“Joe Biden had more than 40 years to get this right,” Booker said in a statement on Tuesday. “The proud architect of a failed system is not the right person to fix it. The 1994 crime bill accelerated mass incarceration and inflicted immeasurable harm on black, brown and low-income communities. While it’s encouraging to see Vice President Biden finally come around to supporting many of the ideas I and others have proposed, his plan falls short of the transforrmative change our broken criminal justice system needs.”
"We need a nominee in the Democratic Party that understands the crime bill was a mistake," New York Mayor Bill de Blasio told ABC News in May.
And, that same month, President Donald Trump tweeted "Anyone associated with the 1994 Crime Bill will not have a chance of being elected. In particular, African Americans will not be able to vote for you.”
Biden has disputed the idea that the crime bill created mass incarceration, saying at a stop on the campaign trail in Nashua, New Hampshire, on May 14: "Folks, let's get something straight. ... This idea that the crime bill generated mass incarceration, it did not generate mass incarceration."
Still, senior Biden campaign officials say the former vice president expects continued attacks from his opponents on his record including at this week's NAACP gathering, Urban League forum in Indianapolis and the upcoming second presidential debate.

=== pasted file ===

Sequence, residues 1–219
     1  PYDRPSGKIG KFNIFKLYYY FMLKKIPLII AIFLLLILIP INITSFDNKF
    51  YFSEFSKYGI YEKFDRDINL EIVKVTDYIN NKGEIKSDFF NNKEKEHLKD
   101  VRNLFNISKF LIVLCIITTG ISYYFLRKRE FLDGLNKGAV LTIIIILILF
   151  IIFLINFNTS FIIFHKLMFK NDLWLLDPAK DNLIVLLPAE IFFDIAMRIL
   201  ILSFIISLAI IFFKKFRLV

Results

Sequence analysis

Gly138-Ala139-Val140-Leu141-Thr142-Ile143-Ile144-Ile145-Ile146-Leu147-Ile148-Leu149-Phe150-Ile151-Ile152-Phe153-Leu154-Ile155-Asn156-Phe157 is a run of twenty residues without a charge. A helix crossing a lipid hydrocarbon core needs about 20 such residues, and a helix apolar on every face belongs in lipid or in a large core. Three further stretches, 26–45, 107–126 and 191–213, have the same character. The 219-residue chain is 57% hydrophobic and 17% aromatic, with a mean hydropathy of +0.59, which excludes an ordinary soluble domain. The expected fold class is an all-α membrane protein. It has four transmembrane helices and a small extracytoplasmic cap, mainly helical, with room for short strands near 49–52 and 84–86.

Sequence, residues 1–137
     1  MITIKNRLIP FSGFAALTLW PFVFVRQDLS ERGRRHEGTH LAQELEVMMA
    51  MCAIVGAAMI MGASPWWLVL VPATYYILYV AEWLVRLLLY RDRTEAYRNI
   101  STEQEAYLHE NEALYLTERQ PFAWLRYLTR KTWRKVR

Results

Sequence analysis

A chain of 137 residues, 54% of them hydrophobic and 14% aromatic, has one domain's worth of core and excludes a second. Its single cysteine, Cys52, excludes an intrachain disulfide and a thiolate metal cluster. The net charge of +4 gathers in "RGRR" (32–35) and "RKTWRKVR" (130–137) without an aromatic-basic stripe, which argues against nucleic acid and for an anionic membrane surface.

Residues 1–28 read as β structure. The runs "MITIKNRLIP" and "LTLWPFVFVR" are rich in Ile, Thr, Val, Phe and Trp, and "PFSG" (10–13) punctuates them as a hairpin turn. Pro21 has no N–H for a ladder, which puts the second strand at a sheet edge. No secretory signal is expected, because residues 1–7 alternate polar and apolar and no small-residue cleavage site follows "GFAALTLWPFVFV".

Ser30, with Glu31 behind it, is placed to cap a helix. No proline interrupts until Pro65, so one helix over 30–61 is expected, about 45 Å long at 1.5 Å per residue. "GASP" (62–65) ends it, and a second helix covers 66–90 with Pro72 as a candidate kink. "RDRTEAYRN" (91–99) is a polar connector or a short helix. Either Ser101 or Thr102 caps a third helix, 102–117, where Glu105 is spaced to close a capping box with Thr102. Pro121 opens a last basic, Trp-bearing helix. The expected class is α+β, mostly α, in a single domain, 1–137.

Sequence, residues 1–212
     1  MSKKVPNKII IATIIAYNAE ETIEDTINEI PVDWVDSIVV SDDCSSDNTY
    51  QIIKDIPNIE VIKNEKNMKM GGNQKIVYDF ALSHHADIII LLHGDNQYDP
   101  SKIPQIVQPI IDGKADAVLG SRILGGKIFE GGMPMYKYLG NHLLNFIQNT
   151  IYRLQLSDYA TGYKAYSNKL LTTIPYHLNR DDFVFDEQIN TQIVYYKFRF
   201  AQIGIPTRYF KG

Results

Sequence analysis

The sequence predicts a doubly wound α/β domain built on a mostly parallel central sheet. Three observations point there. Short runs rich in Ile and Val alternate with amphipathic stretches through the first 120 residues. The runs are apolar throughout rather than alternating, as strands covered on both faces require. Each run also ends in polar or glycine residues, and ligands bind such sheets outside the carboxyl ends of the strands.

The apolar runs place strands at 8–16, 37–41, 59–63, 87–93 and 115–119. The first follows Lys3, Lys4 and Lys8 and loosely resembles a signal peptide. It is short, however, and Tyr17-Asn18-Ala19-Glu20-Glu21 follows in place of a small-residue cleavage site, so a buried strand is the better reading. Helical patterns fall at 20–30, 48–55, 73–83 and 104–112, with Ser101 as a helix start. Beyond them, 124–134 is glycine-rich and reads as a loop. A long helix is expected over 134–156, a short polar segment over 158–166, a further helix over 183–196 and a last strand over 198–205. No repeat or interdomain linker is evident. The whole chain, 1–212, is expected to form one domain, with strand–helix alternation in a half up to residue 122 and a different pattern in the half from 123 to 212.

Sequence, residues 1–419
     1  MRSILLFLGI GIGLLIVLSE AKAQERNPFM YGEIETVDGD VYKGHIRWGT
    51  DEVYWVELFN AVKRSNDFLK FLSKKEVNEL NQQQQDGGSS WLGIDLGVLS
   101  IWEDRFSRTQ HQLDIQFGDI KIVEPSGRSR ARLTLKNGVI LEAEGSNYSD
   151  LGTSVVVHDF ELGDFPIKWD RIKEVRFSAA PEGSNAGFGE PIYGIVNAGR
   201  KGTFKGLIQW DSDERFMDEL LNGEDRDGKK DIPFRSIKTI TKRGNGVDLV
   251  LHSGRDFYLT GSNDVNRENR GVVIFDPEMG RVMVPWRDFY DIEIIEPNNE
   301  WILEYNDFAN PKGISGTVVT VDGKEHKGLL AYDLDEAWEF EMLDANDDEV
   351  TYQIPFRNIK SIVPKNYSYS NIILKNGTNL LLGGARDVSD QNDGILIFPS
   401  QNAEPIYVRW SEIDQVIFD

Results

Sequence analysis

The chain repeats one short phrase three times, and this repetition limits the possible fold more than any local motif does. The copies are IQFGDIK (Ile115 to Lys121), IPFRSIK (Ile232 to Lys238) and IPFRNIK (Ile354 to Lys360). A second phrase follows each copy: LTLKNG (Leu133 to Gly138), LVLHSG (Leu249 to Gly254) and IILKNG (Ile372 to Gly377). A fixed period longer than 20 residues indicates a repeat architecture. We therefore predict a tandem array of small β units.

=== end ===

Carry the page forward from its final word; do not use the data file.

“I have a great deal of respect for Vice President Joe Biden, but I disagree with him,” Sen. Kamala Harris, D-Calif., told reporters in May in Nashua in response to Biden's claims. “That crime bill — that 1994 crime bill — it did contribute to mass incarceration in our country. It encouraged and was the first time that we had a federal three-strikes law. It funded the building of more prisons in the states.”
Biden is not the only 2020 candidate to come under fire for their past record with criminal justice. Harris, who has been critical about the nation's high incarceration rates, has also been criticized for her past work as a prosecutor and California's attorney general -- especially for her campaign against truancy as district attorney. Some have criticized the policy as an attempt to criminalize parents whose children missed more than 30 days of schools.
Biden first unveiled some of his criminal justice reform proposals in late June at the South Carolina Democratic Party Convention.
Biden campaign national co-chair Rep. Cedric Richmond said in an interview on CNN Tuesday that “it’s very clear” that Sen.s Harris and Booker will target crime in the next debate and that Biden will get attacked by his opponents because he is leading the race.
The next debate takes place on July 30 and 31.
ABC News' Averi Harper, Adam Kelsey, Armando Garcia and Justin Gomez contributed to this report